May 19, 2006

Search Me Not

In this month's The Scientist I take up the question of developing technologies to allow "users" to search their brains. It's a response to Jack Woodall's article Google Your Brain, which seems like a bad idea to me, just on philosophical grounds:
... remembering is everything in the New World. Everything you have ever written can be stored: every E-mail, grant, paper, Power Point presentation, syllabus, recommendation letter, list of plans, and perhaps even your bad poetry and divorce decree. And if it can be stored, it can be accessed, filtered, and searched.

John Dewey, the philosopher most responsible for the development of the social sciences, wrote a large amount - by one estimation more than 13,000 pages of manuscript and perhaps a gigabyte of searchable correspondence. Historians of science in 20 years will find that even 'B-list' scholars of 2006 produce ten times that volume of information in the course of a decade, not including the vault of other people's data we store in case we need it.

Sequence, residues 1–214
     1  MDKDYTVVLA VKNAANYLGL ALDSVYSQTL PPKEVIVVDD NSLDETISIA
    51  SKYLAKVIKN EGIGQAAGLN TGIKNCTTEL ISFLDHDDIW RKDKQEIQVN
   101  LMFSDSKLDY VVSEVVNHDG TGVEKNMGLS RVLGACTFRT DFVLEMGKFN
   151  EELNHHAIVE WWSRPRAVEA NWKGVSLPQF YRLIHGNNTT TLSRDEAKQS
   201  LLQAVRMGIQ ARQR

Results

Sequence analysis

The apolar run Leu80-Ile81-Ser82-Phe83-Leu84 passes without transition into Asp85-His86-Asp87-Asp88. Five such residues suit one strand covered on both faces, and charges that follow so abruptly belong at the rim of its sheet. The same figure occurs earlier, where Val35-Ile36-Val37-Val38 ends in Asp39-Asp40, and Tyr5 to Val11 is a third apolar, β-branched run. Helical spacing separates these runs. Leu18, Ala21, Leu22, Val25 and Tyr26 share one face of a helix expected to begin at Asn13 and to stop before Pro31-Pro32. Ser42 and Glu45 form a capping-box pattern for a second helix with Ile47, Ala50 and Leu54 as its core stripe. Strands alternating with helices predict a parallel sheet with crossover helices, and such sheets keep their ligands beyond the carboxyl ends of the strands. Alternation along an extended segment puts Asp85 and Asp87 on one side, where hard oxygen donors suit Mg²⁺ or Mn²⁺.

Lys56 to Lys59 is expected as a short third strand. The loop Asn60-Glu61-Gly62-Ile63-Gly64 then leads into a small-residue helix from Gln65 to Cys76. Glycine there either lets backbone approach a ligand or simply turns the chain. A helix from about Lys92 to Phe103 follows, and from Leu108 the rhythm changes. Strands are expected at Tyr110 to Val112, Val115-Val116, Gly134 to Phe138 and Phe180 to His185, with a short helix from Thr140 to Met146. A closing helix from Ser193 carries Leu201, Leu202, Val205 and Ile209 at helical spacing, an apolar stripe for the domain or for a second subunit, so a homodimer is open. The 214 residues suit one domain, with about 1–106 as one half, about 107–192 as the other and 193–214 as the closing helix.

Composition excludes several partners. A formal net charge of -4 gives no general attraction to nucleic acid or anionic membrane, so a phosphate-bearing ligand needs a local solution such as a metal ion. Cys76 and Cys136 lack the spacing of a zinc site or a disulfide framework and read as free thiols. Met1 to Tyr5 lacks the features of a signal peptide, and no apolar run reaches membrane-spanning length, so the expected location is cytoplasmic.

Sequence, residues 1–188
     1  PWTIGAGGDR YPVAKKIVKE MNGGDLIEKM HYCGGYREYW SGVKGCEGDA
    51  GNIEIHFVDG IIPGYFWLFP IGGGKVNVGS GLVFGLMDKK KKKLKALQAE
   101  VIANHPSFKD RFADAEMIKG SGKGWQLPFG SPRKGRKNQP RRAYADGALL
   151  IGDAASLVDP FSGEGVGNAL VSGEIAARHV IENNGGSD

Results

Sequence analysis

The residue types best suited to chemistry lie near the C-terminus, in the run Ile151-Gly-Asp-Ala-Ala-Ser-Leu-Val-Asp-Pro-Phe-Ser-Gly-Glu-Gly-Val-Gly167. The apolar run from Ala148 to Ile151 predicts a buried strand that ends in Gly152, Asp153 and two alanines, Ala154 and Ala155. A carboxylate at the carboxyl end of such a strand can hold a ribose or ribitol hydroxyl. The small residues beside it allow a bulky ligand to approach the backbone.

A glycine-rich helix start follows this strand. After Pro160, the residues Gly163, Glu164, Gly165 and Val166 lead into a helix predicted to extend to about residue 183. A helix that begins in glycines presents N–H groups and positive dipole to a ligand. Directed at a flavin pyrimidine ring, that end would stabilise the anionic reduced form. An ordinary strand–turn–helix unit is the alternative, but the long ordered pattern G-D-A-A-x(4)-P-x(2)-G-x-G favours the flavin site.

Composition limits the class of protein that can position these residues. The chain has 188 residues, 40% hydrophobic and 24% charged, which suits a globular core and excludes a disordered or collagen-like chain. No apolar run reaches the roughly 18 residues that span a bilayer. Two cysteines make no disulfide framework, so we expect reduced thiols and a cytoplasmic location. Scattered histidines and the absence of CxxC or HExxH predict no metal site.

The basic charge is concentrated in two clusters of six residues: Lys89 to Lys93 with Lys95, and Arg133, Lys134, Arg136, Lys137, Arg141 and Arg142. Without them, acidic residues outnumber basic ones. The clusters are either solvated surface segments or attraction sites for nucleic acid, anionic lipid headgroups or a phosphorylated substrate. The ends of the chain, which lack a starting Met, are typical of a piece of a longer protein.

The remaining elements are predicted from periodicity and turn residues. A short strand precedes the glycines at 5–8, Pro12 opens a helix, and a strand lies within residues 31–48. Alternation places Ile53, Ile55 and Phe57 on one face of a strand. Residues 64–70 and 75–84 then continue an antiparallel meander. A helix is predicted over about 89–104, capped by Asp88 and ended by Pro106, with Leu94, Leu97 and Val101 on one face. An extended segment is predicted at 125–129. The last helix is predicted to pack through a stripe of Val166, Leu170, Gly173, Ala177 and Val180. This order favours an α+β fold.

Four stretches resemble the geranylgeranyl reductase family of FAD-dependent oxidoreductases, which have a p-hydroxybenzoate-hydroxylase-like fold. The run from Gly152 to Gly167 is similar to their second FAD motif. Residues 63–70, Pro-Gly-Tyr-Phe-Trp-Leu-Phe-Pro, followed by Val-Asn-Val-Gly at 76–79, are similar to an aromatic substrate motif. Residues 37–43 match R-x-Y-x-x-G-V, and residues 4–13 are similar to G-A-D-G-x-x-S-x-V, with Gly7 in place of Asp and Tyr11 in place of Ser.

My most disorganized friends, or at least the smart ones, are steadily working their way toward scanning all the paper in their offices onto hard drives, turning piles of nomenclature and unfinished projects into a different kind of pile. Desks get cleaned, computers get filled. But the clutter is still there, it's just hidden more effectively. Those who scan their worlds without clearing out the junk and learning to sort information just make their messes more intimate. I don't need to remember a lot of what is stored around my office or in the corners of my mind.

There is something to be said for forgetting. Nietzsche argued that those who cannot forget are quickly driven to madness. The ultimate stoic, Epictetus, implored Roman soldiers to kiss everyone in their lives goodbye every time they walked out the door, pointing to the importance of focusing on the present. Beta-blockers such as Inderal can literally disconnect memories from their emotional impact; predictably, many victims of trauma are eager to kill the pain that data stored in the brain can cause.

[Read the rest of the essay here]

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